No Bad Blood. - Dispelling the myths around periods in the classroom
When I am teaching young people in schools, there really is no point in beginning any conversation around periods until I’ve addressed this first myth, plainly and simply. Most other myths stem from this one. It’s a biggie that-oh-so desperately needs busting!
1) Periods are dirty. FALSE
The short story is that humanity depends on people who menstruate. We seem to have veered so far away from this fact. Periods are the start of the fertile window, and thus the beginning of the ability to create life. Somehow we have arrived at a point where women are still hiding and apologising for bleeding regularly once a month. And in some areas of the world, still being banished to menstrual huts for the entirety of their monthly bleed. How have we got this far, in the wrong direction?
When I address this myth in the classroom, it is often deeply embedded in even more complicated cultural layers. Some students think they shouldn’t be handling foods, that they shouldn’t be touching plants, or even that there is something fundamentally wrong with them for bleeding.
The only way I can attempt to debunk this is by reframing the way young people perceive periods, and reclaim the incredible bodily functions of the reproductive system. Once they begin to associate the womb with where life is created, and see all the seasons of the menstrual cycle, they stop seeing the cycle as one phase: bleeding. The whole cycle is all 4 seasons, not just winter. Can you imagine a world where we just had one season? Winter?! We need to embrace the entire chain of events and all the fruits of each season.
Period blood is not dirty. It is the lining of the womb that was due to host a baby so it has to be clean and pure and toxin free. The only way we are intoxicated is if we put poison in our bodies. So periods are not dirty. Fact!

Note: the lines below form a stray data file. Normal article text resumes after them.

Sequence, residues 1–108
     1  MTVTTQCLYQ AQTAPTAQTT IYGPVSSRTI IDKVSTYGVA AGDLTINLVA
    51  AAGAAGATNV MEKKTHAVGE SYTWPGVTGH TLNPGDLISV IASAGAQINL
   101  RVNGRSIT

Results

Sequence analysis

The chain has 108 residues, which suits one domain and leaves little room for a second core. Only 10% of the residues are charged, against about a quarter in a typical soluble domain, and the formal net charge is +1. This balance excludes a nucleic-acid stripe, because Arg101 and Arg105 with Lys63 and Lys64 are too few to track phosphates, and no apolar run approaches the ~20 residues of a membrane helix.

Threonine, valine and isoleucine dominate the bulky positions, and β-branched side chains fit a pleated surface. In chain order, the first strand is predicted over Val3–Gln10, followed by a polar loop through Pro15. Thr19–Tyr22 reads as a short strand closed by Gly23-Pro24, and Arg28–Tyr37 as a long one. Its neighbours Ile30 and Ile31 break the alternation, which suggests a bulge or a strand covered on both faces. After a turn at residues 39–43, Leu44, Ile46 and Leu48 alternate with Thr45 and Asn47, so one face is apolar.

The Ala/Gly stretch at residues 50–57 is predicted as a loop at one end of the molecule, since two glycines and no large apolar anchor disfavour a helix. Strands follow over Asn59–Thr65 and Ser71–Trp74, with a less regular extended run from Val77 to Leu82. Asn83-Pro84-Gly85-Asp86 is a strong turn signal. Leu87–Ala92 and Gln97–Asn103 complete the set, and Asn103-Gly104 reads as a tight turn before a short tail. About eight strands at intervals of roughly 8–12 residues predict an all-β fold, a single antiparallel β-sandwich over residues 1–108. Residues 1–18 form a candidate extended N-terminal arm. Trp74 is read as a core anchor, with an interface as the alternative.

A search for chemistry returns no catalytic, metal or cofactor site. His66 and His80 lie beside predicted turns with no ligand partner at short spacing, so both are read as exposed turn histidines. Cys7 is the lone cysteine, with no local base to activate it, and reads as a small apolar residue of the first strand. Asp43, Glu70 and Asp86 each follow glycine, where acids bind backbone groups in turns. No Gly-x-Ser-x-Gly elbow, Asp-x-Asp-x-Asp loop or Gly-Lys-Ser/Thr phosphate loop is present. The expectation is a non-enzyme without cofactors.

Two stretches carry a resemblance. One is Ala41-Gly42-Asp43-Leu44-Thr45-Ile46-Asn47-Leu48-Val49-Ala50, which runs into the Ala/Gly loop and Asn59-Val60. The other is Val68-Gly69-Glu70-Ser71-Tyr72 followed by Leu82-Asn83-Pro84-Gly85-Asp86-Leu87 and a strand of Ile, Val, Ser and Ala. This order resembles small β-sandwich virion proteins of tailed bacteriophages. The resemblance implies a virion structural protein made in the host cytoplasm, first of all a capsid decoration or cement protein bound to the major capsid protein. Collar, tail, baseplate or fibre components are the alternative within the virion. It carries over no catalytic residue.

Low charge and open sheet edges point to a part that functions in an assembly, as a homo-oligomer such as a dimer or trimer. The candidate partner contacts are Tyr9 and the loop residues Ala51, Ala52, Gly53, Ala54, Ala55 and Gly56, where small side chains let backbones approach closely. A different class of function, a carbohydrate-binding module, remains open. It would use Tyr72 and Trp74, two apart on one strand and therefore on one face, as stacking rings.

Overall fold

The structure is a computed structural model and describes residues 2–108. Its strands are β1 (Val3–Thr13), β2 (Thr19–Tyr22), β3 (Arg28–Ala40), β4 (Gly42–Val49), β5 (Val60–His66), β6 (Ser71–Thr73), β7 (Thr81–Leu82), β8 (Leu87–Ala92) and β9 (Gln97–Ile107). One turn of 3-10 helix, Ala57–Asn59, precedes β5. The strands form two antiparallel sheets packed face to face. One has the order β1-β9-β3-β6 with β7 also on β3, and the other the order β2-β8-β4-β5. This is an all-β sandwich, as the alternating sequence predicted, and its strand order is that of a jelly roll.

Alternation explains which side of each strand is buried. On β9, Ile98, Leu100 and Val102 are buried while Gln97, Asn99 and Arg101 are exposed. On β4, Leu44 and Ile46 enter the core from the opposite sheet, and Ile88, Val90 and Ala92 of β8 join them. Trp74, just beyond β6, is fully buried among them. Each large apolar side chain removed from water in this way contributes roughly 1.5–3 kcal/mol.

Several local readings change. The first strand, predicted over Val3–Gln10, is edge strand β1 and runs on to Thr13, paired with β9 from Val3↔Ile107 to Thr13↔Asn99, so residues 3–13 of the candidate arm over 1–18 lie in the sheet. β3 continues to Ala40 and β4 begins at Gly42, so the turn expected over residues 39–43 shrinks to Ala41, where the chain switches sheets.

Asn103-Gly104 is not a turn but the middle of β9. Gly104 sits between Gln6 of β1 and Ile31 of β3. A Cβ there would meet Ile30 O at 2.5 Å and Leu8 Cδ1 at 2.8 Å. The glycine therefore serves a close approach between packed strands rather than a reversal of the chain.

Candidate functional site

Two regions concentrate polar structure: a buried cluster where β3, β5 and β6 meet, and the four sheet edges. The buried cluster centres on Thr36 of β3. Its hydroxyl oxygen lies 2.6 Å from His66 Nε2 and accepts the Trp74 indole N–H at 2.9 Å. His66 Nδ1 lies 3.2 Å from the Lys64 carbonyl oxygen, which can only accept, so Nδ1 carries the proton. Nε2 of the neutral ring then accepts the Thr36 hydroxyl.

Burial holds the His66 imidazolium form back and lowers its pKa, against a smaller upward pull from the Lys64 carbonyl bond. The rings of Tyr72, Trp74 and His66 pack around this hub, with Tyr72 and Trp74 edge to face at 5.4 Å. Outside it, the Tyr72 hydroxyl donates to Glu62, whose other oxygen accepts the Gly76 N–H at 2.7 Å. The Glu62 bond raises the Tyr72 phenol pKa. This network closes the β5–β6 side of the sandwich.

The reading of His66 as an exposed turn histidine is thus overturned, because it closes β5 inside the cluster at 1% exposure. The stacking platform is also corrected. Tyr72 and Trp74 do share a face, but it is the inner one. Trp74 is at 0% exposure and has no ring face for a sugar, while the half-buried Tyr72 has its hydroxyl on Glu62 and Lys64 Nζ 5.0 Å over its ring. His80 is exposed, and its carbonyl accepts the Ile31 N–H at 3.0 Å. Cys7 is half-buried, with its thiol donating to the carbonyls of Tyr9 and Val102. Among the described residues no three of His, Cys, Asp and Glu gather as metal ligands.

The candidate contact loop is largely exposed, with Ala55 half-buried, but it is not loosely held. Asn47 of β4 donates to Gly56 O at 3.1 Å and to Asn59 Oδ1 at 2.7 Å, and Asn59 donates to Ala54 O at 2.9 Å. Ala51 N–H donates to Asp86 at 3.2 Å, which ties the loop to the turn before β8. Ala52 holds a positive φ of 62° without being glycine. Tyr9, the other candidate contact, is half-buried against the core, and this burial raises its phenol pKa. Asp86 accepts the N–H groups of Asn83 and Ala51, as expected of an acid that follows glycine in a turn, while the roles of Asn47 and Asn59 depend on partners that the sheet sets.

Which brings me to my second myth that needs busting.
2) The menstrual cycle is just the bleeding phase. FALSE.
When I speak to young people about the menstrual cycle they misconceive that it is one event and one event only: bleeding. They simply don’t know that it is just one of four parts that are all connected and inter dependent. In actual terms, the real main event of the cycle is actually ovulation, when the egg is released. Young people need visuals, which is way symbolising the cycle as seasons is extremely useful. Spring (when ovulation begins) is the season of birth, blossoming and new life. And the season we all look forward to after a long, hard winter!
3) The vagina and vulva need cleaning. FALSE
Our bodies have a miraculous way of expelling discharge, blood and other secretions from the vaginal canal. The idea that we must clean our vagina with soaps and other products has been created by big companies who are trying to convince us that we need these items, because essentially, they are trying to sell their products.